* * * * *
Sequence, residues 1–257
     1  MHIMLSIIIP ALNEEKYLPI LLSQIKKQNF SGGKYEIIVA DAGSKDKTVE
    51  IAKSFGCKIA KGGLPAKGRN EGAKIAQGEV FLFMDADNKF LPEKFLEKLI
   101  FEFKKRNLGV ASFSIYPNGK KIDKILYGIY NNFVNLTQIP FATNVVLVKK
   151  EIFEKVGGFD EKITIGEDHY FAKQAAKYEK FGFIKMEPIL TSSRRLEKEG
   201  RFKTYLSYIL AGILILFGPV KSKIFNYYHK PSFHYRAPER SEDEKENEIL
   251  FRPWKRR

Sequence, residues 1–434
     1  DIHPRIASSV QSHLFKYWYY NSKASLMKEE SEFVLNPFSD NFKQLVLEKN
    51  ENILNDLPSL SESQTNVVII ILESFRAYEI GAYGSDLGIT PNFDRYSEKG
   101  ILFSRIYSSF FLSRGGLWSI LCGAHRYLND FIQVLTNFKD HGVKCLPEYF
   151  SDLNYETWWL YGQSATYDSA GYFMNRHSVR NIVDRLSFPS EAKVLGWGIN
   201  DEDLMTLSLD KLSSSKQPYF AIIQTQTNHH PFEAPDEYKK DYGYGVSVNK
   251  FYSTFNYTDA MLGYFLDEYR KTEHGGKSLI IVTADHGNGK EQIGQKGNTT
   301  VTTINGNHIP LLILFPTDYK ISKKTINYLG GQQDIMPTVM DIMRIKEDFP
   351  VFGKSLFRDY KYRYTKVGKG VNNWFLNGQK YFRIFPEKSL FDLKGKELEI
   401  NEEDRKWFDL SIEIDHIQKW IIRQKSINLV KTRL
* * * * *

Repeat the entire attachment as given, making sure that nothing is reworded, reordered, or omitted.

Sequence, residues 1–257
     1  MHIMLSIIIP ALNEEKYLPI LLSQIKKQNF SGGKYEIIVA DAGSKDKTVE
    51  IAKSFGCKIA KGGLPAKGRN EGAKIAQGEV FLFMDADNKF LPEKFLEKLI
   101  FEFKKRNLGV ASFSIYPNGK KIDKILYGIY NNFVNLTQIP FATNVVLVKK
   151  EIFEKVGGFD EKITIGEDHY FAKQAAKYEK FGFIKMEPIL TSSRRLEKEG
   201  RFKTYLSYIL AGILILFGPV KSKIFNYYHK PSFHYRAPER SEDEKENEIL
   251  FRPWKRR

Sequence, residues 1–434
     1  DIHPRIASSV QSHLFKYWYY NSKASLMKEE SEFVLNPFSD NFKQLVLEKN
    51  ENILNDLPSL SESQTNVVII ILESFRAYEI GAYGSDLGIT PNFDRYSEKG
   101  ILFSRIYSSF FLSRGGLWSI LCGAHRYLND FIQVLTNFKD HGVKCLPEYF
   151  SDLNYETWWL YGQSATYDSA GYFMNRHSVR NIVDRLSFPS EAKVLGWGIN
   201  DEDLMTLSLD KLSSSKQPYF AIIQTQTNHH PFEAPDEYKK DYGYGVSVNK
   251  FYSTFNYTDA MLGYFLDEYR KTEHGGKSLI IVTADHGNGK EQIGQKGNTT
   301  VTTINGNHIP LLILFPTDYK ISKKTINYLG GQQDIMPTVM DIMRIKEDFP
   351  VFGKSLFRDY KYRYTKVGKG VNNWFLNGQK YFRIFPEKSL FDLKGKELEI
   401  NEEDRKWFDL SIEIDHIQKW IIRQKSINLV KTRL